By Julian Hunt, IIASA postdoc
Sea level rise is one of the most challenging impacts of climate change. The continued rise in sea levels, partially caused by the melting of the ice sheets of Greenland and Antarctica, will result in large scale impacts in coastal areas as they are submerged by the sea. Locations not able to bear the costs of implementing protection and adaptation measures will have to be abandoned, resulting in social, economic and environmental losses.
The most important mitigation goal for sea level rise is to reduce or possibly revert carbon dioxide (CO2) emissions. Given the time lag between emission reductions and the impacts of climate change, new adaptation measures to reduce sea level rise should be proposed, developed and if possible, implemented.
A proposal that I developed during my D.Phil degree ten years ago, which resulted in a paper on the Mitigation and Adaptation to Global Change Journal1, shows that submerged barriers in front of ice sheets and glaciers would contribute to reducing the ice melt in Greenland. Edward Byers and I propose the construction of ten barriers at key glaciers in Greenland to stop the flow of warm salty ocean water reaching glaciers in Greenland and Atlantic, which are the main contributors to ice melting. This could reduce sea level rise by up to 5.3 meters at a levelized cost of US$275 million a year. The cost of the barriers is only a fraction of the estimated costs of adaptation measures to sea level rise around the world estimated to be US$1.4 trillion a year by 21002.
The barrier consists of several plain sheet modules of marine grade steel around 200 mm thick connected to cylindrical steel tubes with air inside to keep the barrier floating. The depth of the barriers varies from 30 – 500 meters and the required length to stop the sea water from entering the fjords, where the glaciers are located. As no such barrier has been developed before, we propose three main steps for the construction of the barrier:
- The barrier components should be transported to the designated location during the summer, when there is no ocean ice cover and the access to the location of the barrier is less challenging. Also during the summer, mooring structures should be added.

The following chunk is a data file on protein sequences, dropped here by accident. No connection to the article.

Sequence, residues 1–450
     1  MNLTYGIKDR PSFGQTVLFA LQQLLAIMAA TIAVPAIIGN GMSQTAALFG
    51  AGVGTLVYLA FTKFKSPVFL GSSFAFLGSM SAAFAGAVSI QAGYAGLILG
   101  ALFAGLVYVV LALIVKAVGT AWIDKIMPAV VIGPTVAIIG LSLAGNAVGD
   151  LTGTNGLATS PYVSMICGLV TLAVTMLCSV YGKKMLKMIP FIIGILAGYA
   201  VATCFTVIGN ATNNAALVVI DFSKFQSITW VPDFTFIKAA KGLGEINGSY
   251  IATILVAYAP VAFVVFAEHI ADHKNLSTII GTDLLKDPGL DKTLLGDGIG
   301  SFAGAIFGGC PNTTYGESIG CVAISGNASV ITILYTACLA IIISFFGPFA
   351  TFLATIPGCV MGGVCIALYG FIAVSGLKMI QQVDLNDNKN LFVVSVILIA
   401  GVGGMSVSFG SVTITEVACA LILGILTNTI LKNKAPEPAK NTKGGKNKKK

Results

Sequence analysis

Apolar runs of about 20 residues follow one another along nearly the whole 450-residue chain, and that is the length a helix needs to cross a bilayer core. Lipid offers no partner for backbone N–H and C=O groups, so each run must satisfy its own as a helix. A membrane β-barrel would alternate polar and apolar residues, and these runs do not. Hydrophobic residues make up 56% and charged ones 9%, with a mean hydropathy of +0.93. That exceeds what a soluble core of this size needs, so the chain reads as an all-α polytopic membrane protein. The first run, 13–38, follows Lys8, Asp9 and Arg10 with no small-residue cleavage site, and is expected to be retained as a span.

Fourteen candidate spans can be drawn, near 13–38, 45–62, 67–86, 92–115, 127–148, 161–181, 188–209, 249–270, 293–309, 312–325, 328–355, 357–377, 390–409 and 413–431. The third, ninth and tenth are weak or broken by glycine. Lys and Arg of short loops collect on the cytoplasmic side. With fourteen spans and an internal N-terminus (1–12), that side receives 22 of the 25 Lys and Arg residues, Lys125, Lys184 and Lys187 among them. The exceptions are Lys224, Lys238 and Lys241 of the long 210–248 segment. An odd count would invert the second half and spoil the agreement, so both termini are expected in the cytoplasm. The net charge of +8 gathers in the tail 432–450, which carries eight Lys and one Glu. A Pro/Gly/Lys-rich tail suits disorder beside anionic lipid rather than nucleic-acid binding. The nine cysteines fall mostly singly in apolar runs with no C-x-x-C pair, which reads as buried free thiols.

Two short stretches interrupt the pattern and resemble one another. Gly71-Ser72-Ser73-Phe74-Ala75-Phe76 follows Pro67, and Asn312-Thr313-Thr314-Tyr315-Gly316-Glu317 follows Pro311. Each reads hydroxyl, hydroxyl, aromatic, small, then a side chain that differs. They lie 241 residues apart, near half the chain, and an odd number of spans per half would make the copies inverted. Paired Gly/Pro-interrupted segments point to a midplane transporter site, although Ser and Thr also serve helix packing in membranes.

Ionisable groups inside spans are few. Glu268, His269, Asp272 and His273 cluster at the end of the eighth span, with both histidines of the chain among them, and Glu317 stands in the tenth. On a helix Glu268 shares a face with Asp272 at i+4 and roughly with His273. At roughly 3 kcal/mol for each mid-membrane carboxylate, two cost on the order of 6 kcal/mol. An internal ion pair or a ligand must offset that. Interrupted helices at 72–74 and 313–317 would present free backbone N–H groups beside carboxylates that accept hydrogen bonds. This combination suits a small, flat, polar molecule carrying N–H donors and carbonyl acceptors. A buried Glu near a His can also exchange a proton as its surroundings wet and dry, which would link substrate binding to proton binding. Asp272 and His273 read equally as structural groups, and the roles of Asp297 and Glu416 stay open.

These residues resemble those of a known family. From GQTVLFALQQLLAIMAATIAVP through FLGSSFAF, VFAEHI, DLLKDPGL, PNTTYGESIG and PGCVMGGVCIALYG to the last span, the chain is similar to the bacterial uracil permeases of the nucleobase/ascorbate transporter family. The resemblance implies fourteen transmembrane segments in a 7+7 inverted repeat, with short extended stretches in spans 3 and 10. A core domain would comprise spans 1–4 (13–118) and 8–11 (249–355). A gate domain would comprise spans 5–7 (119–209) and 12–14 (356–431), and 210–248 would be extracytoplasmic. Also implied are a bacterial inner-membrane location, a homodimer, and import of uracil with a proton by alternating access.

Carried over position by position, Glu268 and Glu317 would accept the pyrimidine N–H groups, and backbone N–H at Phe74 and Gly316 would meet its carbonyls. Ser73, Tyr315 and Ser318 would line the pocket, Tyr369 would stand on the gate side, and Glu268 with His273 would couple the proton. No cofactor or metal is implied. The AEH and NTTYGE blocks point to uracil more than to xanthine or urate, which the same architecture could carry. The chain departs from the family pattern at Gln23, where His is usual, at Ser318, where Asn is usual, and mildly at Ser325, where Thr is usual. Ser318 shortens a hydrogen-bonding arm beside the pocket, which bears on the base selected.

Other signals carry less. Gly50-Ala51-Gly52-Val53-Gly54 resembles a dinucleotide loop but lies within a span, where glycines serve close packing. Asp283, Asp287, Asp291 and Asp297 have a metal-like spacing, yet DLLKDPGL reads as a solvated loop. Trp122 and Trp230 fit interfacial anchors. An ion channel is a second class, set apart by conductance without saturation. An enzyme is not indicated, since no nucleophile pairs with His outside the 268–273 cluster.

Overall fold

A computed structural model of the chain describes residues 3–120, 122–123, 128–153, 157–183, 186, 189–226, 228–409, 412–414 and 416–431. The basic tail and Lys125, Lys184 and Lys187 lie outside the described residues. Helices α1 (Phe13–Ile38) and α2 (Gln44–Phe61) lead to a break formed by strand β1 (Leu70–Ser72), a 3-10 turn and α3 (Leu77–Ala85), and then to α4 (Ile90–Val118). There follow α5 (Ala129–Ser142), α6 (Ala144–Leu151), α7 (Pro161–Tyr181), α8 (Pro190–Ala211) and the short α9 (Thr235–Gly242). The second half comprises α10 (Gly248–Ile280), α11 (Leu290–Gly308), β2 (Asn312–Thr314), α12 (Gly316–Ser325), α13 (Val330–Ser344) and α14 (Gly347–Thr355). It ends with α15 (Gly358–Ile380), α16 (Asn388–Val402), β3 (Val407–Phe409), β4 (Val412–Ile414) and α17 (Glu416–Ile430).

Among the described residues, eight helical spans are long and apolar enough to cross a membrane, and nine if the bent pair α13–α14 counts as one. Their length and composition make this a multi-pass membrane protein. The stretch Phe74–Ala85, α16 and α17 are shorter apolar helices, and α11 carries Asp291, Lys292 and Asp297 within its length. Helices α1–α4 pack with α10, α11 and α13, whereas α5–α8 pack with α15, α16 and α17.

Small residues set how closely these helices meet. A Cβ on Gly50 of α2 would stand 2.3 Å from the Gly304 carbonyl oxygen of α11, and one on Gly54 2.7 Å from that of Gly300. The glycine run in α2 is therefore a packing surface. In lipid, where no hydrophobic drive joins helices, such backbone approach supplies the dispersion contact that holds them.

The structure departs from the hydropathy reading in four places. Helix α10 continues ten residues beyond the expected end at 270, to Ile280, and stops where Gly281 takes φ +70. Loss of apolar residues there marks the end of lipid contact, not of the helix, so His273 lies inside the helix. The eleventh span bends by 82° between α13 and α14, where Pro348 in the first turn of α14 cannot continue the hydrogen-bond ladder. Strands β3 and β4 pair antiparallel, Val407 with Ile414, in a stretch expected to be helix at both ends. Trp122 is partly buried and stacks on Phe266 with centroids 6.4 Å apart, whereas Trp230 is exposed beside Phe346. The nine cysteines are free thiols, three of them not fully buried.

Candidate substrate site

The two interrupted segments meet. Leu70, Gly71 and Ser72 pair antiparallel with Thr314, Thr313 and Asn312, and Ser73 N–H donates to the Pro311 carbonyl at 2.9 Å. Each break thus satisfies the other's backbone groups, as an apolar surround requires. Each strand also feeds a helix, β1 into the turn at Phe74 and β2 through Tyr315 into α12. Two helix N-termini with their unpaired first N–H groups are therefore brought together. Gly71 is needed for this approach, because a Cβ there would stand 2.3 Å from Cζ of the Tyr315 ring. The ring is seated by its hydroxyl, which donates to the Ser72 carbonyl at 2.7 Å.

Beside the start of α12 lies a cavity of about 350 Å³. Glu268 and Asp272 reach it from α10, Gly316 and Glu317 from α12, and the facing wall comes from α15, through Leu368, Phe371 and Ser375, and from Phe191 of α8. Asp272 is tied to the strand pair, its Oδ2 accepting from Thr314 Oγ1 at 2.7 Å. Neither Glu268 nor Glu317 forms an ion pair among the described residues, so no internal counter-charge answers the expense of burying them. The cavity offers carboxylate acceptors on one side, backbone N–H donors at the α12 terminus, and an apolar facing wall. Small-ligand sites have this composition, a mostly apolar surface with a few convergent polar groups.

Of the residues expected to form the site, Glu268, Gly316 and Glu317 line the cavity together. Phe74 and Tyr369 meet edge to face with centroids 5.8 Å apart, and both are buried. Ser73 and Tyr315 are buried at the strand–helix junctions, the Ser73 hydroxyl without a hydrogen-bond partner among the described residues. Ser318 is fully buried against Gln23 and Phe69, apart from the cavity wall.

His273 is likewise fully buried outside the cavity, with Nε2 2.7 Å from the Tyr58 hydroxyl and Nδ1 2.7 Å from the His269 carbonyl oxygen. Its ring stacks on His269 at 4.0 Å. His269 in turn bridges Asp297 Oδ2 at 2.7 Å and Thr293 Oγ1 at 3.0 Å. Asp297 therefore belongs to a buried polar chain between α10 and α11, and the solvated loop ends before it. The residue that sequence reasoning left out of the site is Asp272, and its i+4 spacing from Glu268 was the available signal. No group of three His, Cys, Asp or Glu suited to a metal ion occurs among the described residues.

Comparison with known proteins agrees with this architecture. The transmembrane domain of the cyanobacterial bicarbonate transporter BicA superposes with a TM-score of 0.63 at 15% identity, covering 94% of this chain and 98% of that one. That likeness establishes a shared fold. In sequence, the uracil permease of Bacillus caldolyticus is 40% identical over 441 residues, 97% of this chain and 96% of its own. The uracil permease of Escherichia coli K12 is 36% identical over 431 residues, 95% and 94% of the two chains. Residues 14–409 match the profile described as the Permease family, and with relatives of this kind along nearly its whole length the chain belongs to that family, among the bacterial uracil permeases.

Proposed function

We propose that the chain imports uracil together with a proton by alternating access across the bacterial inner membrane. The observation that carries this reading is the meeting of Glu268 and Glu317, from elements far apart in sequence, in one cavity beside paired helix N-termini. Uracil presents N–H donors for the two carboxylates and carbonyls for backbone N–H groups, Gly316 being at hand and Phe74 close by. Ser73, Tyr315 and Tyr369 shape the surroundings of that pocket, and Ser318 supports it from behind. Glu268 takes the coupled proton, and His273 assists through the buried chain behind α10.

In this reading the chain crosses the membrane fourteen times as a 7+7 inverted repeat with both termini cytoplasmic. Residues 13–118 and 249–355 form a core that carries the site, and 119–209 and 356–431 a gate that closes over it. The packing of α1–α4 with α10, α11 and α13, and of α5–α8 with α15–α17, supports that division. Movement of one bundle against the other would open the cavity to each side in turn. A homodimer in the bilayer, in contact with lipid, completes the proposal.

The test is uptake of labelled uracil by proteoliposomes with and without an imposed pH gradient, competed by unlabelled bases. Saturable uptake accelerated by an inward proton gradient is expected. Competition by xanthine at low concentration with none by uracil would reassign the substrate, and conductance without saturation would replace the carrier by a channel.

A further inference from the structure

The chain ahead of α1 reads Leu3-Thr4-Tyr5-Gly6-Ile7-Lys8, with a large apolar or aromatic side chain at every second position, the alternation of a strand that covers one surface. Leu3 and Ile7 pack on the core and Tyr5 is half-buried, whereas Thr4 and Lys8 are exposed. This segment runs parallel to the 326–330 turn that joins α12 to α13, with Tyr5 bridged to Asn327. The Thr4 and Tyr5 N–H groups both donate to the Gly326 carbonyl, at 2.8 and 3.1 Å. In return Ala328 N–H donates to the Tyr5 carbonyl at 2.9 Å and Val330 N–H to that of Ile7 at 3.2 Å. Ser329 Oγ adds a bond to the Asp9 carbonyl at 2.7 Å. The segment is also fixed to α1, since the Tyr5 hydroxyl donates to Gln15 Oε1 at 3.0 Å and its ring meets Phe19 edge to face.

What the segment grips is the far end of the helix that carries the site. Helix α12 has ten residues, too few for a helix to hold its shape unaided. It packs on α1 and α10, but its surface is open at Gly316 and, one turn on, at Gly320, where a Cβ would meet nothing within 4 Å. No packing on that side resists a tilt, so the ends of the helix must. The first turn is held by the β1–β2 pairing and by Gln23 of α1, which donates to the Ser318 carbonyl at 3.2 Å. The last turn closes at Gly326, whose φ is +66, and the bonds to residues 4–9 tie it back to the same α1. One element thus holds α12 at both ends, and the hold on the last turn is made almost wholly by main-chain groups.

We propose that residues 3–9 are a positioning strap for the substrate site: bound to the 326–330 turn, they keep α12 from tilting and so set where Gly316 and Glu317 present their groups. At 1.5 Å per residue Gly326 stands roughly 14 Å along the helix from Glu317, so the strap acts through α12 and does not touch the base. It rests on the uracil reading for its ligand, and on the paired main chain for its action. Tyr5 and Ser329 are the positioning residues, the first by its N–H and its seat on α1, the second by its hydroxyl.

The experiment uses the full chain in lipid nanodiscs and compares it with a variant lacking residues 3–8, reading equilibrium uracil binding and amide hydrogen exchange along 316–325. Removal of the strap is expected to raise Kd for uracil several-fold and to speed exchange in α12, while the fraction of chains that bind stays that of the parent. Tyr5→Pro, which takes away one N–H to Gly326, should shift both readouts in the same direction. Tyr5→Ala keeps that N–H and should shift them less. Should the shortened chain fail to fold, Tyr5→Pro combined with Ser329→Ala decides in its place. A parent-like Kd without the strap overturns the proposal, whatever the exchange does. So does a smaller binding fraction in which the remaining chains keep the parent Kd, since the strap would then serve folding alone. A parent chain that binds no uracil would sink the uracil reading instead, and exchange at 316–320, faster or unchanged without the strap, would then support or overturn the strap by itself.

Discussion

- During the winter, the barrier is assembled over the frozen ice cover.
- During the next summer, the ice cover will melt again and the barrier will float above the place where it is should be fixed. The mooring chains attached to the barrier will pull the barrier into place, using the mooring structures in the ground.
The concept of reducing the contact of seawater and glaciers to reduce ice sheet melting was first published by Moore in Nature3, and Wolovick in The Cryosphere4 with the construction of submerged dams. A graphic representation of the concept is presented in Figure 1. As you can see the barriers should be positioned just after the glacier cavity, where the depth required for the barrier would be the smallest. Our cost analysis shows that using submerged barriers would have one or two orders of magnitude lower costs when compared to submerged dams. Additionally, submerged barriers could be easily removed, if the need arise.
There are several issues involving the implementation of these barriers that should be considered before they are built. The reduction of ice melt in Greenland glaciers will contribute to an increase in seawater temperature and salinity of the Arctic Ocean, which will have a direct impact on the region’s biosphere, climate and ocean currents. The superficial ice cover in the Arctic will be considerably reduced. This would allow a new maritime route for ships to cross the Arctic Ocean, increase the absorption of CO2 by the Arctic Ocean, due to the increase in the ice free surface area and the cold seawater temperature, and the increase in radiation heat from the Arctic Ocean into space. Ice is a strong thermal insulator. Without the Arctic Ocean ice cover the temperature of the region and the heat radiated from the Earth to space will considerably increase, which could have a higher impact in cooling the Earth than the ice cover’s albedo effect. Thus, the reduction of the Arctic Ocean ice cover could contribute to reducing the overall CO2 concentration of the atmosphere and reducing the Earth’s temperature.
This solution, however, should not be used as an excuse to reduce focus on cutting CO2 emission. If the world continues to warm, not even submerged barriers in front of glaciers would be able to stop ice sheets melting and sea level rise.
- Hunt J, Byers E (2018) Reducing sea level rise with submerged barriers and dams in Greenland. Mitigation and Adaptation Strategies for Global Change DOI: 10.1007/s11027-018-9831-y. [pure.iiasa.ac.at/15649]
- Jevrejeva JS, Jackson LP, Grinsted A, Lincke D, and Marzeion B (2018) Flood damage costs under the sea level rise with
warmingof 1.5 ◦C and 2 ◦C. Environmental Research Letters DOI: 10.1088/1748-9326/aacc76
- Moore J, Gladstone R, Zwinger T, and Wolovick M (2018) Geoengineer polar glaciers to slow sea-level rise. Nature: https://go.nature.com/2GoPcGp
- Wolovick M, Moore J (2018) Stopping the flood: could we use targeted geoengineering to mitigate sea level rise? The Cryosphere DOI: 10.5194/tc-12-2955-2018